Arthritis hip

by Nathan Wei, MD, FACP, FACR

Nathan Wei is a nationally known board-certified rheumatologist and author of the Second Opinion Arthritis Treatment Kit. It's available exclusively at this website... not available in stores.

Click here: Second Opinion Arthritis Treatment Kit

The hip joint consists of the articulation of the head of the femur with the "cup" of the acetabulum of the pelvis.

Both the head of the femur as well as the socket of the acetabulum are lined with hyaline cartilage. The joint is surrounded by a capsule which has a thin lining of synovium which produces a thin layer of lubricating fluid. This synovial fluid acts in concert with the articular cartilage as a shock absorbing and gliding surface.

If the cartilage is damaged or if the joint surfaces are not congruent, then the cartilage will wear out much more quickly than normal. This begins the process of osteoarthritis.

Osteoarthritis is therefore the result of mechanical wear and tear on a joint. The primary feature is a loss of cartilage with exposure of underlying bone. There is bony sclerosis, cyst formation and the development of bony spurs, called osteophytes.

The major symptom of arthritis is joint pain. Inflammatory forms of arthritis, like osteoarthritis, may affect the hip and cause pain. The pain is characterized by a dull ache in the groin, outer thigh, or buttocks. Pain is usually worse in the morning and lessens with activity; the pain may limit movement or make walking difficult.

In summary, in an arthritic hip

•The cartilage lining is thin. The degree of cartilage damage and inflammation varies with the type and stage of arthritis.
•The capsule of the hip is swollen and inflamed
•The joint space is narrowed and irregular; this is evident on X-ray.
•Bone spurs also build are seen involving either the acetabular margins, the femoral head, or both. This can produce a syndrome known as femoral acetabular impingement (FAI). If the acetabulum is the primary culprit, then the impingement is called a "pincer" type. If the femoral head is primarily involved, then the deformity is termed a "CAM" impingement type.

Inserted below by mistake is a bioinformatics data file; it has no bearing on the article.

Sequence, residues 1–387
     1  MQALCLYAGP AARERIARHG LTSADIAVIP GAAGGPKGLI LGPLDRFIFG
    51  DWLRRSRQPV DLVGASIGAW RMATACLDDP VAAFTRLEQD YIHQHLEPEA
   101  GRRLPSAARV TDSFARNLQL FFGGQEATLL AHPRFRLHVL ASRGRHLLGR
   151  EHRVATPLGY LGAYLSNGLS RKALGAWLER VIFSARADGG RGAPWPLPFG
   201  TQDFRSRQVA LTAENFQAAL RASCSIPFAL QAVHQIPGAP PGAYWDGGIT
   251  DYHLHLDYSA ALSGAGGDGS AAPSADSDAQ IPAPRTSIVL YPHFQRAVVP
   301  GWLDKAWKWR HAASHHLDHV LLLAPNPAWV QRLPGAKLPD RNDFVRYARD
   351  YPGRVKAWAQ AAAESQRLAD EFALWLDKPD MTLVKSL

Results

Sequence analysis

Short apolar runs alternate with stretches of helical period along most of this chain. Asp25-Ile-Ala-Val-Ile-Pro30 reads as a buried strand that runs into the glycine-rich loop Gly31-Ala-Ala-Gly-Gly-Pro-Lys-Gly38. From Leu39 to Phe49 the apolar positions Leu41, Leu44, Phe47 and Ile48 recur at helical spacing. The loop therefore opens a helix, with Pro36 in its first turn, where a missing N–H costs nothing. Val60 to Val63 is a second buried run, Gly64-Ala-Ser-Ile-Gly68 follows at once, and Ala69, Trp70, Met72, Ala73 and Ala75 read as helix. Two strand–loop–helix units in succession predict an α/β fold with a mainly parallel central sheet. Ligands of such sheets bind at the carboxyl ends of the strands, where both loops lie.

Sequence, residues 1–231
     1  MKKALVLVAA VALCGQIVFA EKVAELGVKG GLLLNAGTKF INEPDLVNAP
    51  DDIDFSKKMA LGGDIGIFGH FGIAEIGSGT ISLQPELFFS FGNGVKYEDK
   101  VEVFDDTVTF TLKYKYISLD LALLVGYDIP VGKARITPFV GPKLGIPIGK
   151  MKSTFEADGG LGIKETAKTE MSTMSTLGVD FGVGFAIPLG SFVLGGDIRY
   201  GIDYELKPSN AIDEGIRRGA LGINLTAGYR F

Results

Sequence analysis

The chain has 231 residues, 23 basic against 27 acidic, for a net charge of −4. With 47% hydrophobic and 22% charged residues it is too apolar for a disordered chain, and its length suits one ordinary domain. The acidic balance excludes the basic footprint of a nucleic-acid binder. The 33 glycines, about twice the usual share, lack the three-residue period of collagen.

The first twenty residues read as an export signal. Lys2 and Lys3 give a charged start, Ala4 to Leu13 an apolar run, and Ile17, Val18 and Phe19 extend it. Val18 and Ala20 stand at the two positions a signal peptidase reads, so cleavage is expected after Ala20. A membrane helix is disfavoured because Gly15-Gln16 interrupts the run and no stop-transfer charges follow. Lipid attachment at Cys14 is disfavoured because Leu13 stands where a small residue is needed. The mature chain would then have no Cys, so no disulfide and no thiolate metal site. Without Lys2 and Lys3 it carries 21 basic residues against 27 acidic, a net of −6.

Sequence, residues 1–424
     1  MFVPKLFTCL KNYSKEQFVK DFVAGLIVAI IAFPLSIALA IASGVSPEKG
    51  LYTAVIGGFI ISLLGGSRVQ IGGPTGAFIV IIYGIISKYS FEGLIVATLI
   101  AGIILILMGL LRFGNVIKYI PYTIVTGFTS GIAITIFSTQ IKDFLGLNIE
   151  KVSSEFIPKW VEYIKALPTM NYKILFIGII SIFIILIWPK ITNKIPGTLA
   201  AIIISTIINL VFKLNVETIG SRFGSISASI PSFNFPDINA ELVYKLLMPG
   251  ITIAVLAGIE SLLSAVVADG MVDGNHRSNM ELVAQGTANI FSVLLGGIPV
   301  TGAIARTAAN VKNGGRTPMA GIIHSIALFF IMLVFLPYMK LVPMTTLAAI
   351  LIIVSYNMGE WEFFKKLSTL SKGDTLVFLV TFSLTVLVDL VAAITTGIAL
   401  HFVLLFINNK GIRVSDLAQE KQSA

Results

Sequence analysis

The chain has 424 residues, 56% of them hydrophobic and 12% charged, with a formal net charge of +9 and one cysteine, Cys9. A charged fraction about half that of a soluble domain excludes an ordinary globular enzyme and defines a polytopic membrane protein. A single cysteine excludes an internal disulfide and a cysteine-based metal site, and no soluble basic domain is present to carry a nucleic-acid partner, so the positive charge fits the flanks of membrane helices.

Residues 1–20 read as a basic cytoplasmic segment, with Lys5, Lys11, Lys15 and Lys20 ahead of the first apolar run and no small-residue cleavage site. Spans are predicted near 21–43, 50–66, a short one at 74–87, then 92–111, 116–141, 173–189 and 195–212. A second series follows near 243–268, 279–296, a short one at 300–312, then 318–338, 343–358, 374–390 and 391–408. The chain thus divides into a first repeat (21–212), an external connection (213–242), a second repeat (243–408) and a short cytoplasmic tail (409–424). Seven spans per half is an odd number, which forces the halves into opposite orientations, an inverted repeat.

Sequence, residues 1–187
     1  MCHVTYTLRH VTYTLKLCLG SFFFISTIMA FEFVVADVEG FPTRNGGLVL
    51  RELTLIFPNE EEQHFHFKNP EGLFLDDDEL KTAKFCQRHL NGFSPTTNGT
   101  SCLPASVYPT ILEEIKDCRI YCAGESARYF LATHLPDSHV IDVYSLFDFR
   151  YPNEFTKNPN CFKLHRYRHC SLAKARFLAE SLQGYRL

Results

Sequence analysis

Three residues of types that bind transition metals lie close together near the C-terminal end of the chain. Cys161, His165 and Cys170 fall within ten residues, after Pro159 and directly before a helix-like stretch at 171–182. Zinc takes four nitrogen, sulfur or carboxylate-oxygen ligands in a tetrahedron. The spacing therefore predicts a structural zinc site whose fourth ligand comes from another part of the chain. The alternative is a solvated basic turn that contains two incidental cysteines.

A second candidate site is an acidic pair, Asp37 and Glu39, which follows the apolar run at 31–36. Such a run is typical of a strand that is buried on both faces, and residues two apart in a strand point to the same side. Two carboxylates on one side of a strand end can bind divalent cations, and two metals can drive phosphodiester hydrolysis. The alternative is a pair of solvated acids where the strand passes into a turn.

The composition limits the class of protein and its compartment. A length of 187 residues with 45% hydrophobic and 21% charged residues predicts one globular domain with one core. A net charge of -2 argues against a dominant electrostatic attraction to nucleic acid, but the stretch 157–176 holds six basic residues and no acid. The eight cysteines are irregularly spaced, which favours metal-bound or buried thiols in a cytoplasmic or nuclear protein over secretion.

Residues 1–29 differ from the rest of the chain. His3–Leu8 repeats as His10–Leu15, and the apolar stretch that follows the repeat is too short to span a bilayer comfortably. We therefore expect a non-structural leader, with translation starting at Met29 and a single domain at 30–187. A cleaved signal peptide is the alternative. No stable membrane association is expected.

The diagnosis of arthritis is made on history, physical examination and x-rays.

Treatment of hip arthritis involves many different modalities including anti-inflammatory medicines, physical therapy, steroid injection, lubricant injection, and surgery.

Early diagnosis and aggressive medical therapy can forestall the need for hip replacement. Lifestyle changes including weight reduction, regular non-impact aerobic exercise, and specific stretching and strengthening exercises are helpful.

Anti-inflammatory medications often can be used with success. Depending on the type of arthritis, disease-modifying anti-rheumatic drugs or biologic therapies may need to be instituted. Consultation with a competent rheumatologist is imperative.

With hip replacement, the femoral head is removed. This allows visualisation of the acetabulum (socket). The socket is then cleared of debris and a reaming tool is used to fashion the socket for placement of the artificial acetabular component.

After reaming is complete, the artificial socket is inserted. There are two types of sockets, (a) a cemented socket or (b) an uncemented socket. A cemented socket is cemented into the bone and an uncemented socket allows bone to grow into it.

Ceramic and metal articulating joint surfaces have lower wear rates than plastic sockets and therefore tend to be used in younger patients. The newer plastics last longer and are appropriately used in older patients.

There have been significant problems noted with metal on metal replacements and they are no longer viewed as being an acceptable alternative.

Traditional hip replacement surgery typically involves a 12-18 inch incision and a hospital stay of up to 3-5 days. However, a patient may be a candidate for minimally invasive hip replacement surgery. This technique uses similar implants to traditional surgery, but avoids danaging as much soft tissue such as muscle and tendon. This technique may also provide other benefits to patients such as:

• Smaller incisions.
• Smaller, less noticeable scars.
• Shortened hospital stay after surgery.
• Reduced recovery time.
• Reduced post-operative pain.

More recently, there has been interest in the use of autologous stem cells to repair and restore cartilage in osteoarthritis of the hip. The key is to get to the hip early. If there is too much damage, a stem cell procedure may not work.

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